Research database

Project information
Project title
Evaluating the significance of spatial variability and body mass index (BMI) for human concentrations of persistent organic pollutants (POPs) in northern areas
Project leader
Therese Haugdahl Nøst
Geographical localization of the research project in decimal degrees (max 5 per project, ex. 70,662°N and 23,707°E)
The project focus area for human blood samples is in Tromsø county (69,649°N and 18,955°E) but the aspect regarding spatial variability has in 2018 included available PCB results in fish samples from any location along the Norwegian coast line.

Therese Haugdahl Nøst, NILU/UiT; /

Torkjel Sandanger, UiT; (TSA)

Charlotta Rylander, UiT; (CR)

Knut Breivik, NILU; (KBR)

Ingjerd Sunde Krogseth, NILU; (ISK)

Linda Hanssen, NILU; (LHA)

Sylvia Frantzen, IMR; (SF)

Hazardous Substances
Funding Source

500 KNOK in 2018 and 550 KNOK in 2019 from Fram Centre flagship for Hazardous Substances

Summary of Results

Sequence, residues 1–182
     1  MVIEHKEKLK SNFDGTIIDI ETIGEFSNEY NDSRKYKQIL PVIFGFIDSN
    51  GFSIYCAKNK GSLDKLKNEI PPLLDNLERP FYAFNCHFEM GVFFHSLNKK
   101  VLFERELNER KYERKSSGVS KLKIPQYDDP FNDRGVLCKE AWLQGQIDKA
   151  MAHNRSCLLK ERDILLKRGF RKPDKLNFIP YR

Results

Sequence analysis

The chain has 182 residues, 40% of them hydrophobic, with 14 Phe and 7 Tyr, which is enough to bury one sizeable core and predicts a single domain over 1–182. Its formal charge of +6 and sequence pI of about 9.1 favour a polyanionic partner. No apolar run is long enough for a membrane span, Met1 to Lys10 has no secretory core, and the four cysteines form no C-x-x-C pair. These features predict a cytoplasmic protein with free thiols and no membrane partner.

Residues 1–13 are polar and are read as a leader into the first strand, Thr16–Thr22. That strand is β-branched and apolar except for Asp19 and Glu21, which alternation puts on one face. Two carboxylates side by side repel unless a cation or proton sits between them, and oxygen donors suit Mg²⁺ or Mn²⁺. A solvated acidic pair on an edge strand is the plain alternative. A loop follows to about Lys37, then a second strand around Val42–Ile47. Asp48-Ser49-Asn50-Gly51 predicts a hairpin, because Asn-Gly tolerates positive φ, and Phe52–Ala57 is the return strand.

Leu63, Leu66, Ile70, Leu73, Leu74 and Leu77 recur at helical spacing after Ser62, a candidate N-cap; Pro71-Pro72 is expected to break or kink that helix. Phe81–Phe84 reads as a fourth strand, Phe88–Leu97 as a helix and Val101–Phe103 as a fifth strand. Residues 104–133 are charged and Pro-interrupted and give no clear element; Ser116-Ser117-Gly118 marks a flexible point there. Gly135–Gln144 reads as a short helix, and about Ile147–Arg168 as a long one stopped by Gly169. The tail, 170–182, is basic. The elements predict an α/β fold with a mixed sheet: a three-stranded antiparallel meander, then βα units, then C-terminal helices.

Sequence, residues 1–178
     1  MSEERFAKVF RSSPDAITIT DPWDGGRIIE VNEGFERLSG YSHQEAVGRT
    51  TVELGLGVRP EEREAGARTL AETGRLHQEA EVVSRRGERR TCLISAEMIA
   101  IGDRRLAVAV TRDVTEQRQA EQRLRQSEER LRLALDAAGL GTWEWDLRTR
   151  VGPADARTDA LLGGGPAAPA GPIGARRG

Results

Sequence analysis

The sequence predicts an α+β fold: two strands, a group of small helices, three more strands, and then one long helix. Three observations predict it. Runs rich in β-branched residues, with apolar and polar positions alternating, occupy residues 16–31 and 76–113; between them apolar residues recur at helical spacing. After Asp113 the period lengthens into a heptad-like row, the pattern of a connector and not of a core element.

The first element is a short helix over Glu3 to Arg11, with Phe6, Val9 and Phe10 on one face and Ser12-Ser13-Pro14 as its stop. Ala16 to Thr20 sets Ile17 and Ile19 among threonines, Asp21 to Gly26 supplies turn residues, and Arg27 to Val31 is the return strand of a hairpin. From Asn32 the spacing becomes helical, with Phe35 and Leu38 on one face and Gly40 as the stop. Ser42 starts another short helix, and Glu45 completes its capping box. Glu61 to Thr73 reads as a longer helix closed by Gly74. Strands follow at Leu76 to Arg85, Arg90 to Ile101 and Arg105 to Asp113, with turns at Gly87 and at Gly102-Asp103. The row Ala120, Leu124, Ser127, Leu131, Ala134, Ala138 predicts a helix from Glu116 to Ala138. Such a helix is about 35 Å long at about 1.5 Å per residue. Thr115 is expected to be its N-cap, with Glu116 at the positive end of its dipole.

This three year project aims to explore how (i) human lipid dynamics (represented by body mass index; BMI) and (ii) spatial variability may influence human exposure to POPs in Norway. Past modelling of human PCB concentrations had indicated that these two factors could be improved in the model parameterization to improve coherence with measurements. Also, recent developments of the model framework include parameterizations of the spatial resolution of the physical environment along with expansion of dietary sources relevant for Arctic regions. The activities during the initial year focused on (i) preparing empirical data for time trends of PCBs for BMI groups; and (ii) initial compilation of geographical variation along the Norwegian coast line for PCBs in fish. During the second year the activities were focused on i) continue the data compilation and evaluate geographical variation in PCBs in fish. This work was prepared as a master thesis during the spring of 2019; and ii) continuing on the compilation of human PCB concentrations related to BMI and prepare the code for mechanistic modelling of PCBs accounting for BMI.